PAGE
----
Feline Blood Donors
Everything you need to know about feline blood donation
Why is blood transfusion needed?
There are many reasons a cat might require a transfusion:
- Anaemia due to a loss of red blood cells – which can be caused by an injury or illness
- The body destructing its own red blood cells due to a variety of reasons
- The body fails to produce its own red blood cells. This can happen due to a variety of different disease processes.
Cat Blood Groups:
Cats have different blood groups just like humans;
Cat’s blood types are:
- A Most common blood type
- B Less common blood type
AB – Rare blood type
If a cat requires a blood transfusion it is important that they receive a transfusion of the same blood type, otherwise, a potentially fatal reaction can occur.
Health check for potential donors:
Any cat that is potentially going to become a blood donor, will undergo a thorough health check by a veterinary surgeon, and some blood tests will be performed (to check blood cell counts, liver and kidney function, plus some infectious disease screening). We would also perform a blood type and a heart screen inclusive of an echocardiogram (heart ultrasound) to check for any underlying heart problems.
Is your cat suitable to become a donor?
- Between 1 and 8 years old
- Weigh more than 4.5kg but are not overweight
- Calm temperament (doesn’t mind being handled and doesn’t get overly stressed in a veterinary environment)
- Not currently receiving any medications (except regular flea and worm treatment/vaccines)
- Up to date on vaccinations and flea and worming treatment
- Preferably an indoor cat
- No history of ever receiving a blood transfusion
- Has normal results on the bloods which are performed and no underlying health conditions
- Tests negative for FeLV/FIV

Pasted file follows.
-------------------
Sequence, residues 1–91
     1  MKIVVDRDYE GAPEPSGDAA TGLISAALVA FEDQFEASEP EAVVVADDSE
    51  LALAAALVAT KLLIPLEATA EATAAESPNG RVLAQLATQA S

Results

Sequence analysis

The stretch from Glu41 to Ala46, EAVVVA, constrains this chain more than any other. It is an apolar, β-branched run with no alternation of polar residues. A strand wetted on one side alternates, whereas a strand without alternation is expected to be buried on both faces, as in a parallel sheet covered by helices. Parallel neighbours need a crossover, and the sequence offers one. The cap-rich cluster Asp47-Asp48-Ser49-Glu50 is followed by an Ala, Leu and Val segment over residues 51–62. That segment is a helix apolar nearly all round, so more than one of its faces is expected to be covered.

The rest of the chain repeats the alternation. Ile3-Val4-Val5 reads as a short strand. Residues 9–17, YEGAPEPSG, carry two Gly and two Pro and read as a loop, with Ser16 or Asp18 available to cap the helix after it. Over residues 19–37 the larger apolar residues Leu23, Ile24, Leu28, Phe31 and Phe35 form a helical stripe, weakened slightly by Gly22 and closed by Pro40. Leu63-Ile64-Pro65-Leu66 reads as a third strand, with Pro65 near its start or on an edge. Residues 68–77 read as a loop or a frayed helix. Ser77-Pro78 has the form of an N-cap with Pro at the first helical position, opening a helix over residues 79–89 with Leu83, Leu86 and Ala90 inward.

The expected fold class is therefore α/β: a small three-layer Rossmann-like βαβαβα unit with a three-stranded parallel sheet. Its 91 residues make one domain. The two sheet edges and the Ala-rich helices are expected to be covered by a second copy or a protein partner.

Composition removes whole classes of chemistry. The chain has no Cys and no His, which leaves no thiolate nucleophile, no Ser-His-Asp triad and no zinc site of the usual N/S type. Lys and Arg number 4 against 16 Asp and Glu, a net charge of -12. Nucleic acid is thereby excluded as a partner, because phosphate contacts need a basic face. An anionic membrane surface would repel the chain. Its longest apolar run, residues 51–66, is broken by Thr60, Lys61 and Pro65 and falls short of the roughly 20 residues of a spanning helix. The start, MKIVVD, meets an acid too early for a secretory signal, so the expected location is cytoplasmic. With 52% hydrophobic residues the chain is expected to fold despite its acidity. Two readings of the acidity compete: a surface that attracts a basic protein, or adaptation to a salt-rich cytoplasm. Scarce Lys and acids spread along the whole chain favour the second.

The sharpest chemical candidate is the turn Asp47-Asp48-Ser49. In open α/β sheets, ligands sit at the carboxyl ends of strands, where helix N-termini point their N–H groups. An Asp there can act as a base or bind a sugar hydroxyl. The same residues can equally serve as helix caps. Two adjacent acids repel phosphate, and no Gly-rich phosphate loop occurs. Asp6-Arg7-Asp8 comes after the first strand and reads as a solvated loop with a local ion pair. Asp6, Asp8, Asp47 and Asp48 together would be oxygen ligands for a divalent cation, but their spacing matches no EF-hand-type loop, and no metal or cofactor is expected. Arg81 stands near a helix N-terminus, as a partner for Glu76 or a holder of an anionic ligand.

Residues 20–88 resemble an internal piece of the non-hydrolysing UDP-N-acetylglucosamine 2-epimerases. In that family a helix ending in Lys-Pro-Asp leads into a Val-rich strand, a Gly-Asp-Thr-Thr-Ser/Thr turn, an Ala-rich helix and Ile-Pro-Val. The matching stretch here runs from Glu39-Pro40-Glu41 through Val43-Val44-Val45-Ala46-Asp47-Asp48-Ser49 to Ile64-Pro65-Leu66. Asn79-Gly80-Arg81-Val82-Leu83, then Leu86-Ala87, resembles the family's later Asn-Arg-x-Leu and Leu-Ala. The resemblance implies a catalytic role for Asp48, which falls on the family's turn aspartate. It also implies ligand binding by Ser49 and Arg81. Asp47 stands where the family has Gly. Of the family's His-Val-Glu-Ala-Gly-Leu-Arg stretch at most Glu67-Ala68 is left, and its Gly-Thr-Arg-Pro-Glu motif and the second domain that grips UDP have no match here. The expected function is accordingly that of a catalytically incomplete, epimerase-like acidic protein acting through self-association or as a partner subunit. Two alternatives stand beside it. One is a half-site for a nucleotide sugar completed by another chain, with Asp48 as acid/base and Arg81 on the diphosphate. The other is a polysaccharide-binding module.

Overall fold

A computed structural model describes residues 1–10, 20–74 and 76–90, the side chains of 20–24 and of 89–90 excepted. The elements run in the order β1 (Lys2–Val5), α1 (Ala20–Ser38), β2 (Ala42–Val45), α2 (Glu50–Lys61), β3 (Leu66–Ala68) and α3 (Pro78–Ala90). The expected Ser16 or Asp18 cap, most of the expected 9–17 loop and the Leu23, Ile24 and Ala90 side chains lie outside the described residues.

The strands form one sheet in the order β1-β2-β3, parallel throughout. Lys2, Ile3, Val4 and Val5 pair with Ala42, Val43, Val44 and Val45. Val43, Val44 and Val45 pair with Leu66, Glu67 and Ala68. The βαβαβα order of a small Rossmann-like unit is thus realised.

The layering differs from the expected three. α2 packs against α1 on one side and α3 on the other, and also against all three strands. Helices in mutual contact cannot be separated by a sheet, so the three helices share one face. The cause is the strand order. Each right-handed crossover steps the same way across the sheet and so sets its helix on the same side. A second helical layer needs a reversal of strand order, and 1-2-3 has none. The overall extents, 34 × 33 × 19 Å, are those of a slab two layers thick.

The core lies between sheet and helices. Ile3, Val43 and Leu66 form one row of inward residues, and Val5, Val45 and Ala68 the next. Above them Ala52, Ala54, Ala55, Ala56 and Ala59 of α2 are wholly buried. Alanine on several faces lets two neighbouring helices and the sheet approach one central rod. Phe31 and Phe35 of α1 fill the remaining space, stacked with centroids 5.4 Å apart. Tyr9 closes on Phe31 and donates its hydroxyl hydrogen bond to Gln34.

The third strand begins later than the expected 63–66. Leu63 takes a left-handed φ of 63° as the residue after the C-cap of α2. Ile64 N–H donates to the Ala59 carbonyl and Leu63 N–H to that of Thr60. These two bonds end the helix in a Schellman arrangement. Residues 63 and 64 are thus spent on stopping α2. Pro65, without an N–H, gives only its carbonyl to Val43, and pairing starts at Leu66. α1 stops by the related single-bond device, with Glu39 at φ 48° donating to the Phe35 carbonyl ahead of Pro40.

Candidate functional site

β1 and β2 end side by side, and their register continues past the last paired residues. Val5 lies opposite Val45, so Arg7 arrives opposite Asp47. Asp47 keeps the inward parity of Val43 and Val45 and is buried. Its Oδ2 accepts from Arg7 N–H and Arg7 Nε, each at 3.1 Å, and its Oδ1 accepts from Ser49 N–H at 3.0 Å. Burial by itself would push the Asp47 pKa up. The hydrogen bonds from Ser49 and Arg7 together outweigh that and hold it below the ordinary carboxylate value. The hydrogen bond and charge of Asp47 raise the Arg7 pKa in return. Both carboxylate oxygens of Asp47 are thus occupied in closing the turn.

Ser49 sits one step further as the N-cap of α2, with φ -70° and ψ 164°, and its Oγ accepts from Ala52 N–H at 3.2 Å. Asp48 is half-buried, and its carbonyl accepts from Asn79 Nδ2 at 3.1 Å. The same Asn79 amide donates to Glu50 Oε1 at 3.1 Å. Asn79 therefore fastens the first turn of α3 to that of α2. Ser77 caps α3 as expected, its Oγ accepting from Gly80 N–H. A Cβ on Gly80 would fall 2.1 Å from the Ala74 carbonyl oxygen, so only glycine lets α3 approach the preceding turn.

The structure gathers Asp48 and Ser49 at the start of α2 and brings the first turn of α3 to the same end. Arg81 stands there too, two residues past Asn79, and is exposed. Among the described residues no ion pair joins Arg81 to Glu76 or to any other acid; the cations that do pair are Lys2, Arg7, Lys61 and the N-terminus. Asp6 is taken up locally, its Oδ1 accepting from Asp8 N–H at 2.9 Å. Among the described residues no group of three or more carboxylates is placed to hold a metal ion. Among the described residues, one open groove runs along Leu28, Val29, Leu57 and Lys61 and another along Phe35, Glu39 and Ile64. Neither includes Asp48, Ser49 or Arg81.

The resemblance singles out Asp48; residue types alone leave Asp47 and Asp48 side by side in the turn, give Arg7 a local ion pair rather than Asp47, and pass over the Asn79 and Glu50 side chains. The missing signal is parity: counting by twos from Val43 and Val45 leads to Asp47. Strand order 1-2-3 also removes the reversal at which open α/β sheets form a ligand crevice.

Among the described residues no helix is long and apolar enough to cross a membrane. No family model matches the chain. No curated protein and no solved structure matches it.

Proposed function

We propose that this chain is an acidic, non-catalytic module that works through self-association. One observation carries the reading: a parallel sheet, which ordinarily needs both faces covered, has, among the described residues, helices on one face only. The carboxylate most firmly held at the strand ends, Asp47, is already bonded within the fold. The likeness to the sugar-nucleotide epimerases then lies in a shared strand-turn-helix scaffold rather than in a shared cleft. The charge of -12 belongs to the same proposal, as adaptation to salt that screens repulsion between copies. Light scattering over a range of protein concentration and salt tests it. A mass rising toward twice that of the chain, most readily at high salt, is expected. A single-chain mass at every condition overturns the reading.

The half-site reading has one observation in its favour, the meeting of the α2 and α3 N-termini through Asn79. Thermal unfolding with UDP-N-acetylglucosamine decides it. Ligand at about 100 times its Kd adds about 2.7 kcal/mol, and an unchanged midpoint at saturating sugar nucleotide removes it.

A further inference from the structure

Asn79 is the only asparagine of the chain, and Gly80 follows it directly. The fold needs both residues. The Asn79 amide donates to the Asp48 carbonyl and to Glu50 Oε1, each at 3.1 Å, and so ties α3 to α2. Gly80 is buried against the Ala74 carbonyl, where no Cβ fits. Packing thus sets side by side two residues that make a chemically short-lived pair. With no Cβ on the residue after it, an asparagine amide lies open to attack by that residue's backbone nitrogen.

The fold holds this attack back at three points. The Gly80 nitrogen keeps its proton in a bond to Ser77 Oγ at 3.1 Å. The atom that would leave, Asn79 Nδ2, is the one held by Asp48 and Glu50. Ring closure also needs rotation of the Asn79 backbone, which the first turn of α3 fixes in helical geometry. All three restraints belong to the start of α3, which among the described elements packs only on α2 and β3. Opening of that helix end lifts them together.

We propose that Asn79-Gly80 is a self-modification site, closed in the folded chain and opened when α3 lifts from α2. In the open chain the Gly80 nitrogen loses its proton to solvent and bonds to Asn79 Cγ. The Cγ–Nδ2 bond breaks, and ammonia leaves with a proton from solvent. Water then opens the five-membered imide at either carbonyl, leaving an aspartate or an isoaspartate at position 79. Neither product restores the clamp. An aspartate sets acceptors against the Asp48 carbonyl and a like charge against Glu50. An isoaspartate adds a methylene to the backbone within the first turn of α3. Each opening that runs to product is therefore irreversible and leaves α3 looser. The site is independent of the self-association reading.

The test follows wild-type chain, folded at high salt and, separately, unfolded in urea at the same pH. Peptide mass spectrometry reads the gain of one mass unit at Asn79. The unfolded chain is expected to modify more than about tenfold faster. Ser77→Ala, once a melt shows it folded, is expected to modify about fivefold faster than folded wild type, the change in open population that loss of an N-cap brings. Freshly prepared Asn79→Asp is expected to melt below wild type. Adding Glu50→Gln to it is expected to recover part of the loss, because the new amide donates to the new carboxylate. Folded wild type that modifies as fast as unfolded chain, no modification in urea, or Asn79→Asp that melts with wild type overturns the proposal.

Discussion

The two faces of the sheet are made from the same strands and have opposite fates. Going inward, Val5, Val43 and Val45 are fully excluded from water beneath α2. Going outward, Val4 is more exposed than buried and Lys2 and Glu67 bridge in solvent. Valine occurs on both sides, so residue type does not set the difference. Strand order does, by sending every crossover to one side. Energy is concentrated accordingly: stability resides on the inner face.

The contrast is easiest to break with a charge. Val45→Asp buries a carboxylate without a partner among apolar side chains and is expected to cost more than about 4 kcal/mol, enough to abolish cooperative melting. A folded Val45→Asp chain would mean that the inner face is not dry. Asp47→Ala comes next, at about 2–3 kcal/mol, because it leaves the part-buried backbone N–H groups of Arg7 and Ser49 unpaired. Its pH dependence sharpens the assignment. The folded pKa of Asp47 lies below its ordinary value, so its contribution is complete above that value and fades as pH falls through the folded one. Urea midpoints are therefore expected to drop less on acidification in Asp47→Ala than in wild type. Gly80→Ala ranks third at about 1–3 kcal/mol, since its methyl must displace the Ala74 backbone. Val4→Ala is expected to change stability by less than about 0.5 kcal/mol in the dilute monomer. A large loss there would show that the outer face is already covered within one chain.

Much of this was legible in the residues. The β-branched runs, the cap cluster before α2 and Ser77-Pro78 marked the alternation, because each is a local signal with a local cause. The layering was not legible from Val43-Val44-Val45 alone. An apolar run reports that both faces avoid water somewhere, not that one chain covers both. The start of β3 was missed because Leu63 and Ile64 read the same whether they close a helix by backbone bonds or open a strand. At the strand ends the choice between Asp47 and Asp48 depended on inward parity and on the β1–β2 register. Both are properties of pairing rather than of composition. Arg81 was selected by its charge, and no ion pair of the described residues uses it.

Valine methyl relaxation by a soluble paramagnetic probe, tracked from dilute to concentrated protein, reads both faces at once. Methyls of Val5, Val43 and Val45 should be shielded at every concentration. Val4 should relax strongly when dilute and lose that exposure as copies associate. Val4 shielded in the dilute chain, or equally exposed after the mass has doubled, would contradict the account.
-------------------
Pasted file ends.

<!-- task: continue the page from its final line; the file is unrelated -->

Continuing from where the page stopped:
Risks of blood donation:
Blood donor cats could require sedation during the donation of blood; like all procedures for which sedation is required, there is a small risk
If a cat has an underlying heart or kidney condition, sedation and the donation of blood can make this worse, therefore routine blood work and an echocardiogram will be performed at the initial health check prior to allowing your cat to be a donor.
What to expect on the day of donation:
You will need to withhold food for at least 6 hours prior to your appointment, allow full access to water
A thorough health check of your cat will be performed prior to the procedure
A catheter will be placed into a vein in your cat’s leg and a blood sample will be withdrawn to assess whether your cat is healthy to undergo sedation and donate blood
If your cat is given the all-clear to donate and sedation is required, sedation will be administered via the intravenous catheter (they will be monitored at all times)
Your cat will have some hair from the neck clipped and a catheter or needle will be inserted into a vein in the neck (jugular vein) from which the blood for donation is withdrawn. Approximately 40-50mls will be withdrawn at one donation session
Your cat will then be closely monitored whilst recovering from sedation and will receive some intravenous fluid therapy.
Once they are fully awake, they will be offered a small meal and water. As long as they recover well, they should be home to you within 3-5 hours after donation.
Monitoring at home
Post-donation procedure your cat may be a little quieter than normal but this should resolve within 24 hours; sometimes they can become more excitable but this usually resolves after a good sleep
They should be kept indoors for at least 24 hours or until they are back to their normal behaviours.
They may require a smaller meal than normal in the evening but should resume eating normally the following day.
If you have any concerns or worries after the donation session; seek veterinary advice.
Linnaeus Veterinary Limited trading as Davies Veterinary Specialists 01582 883950
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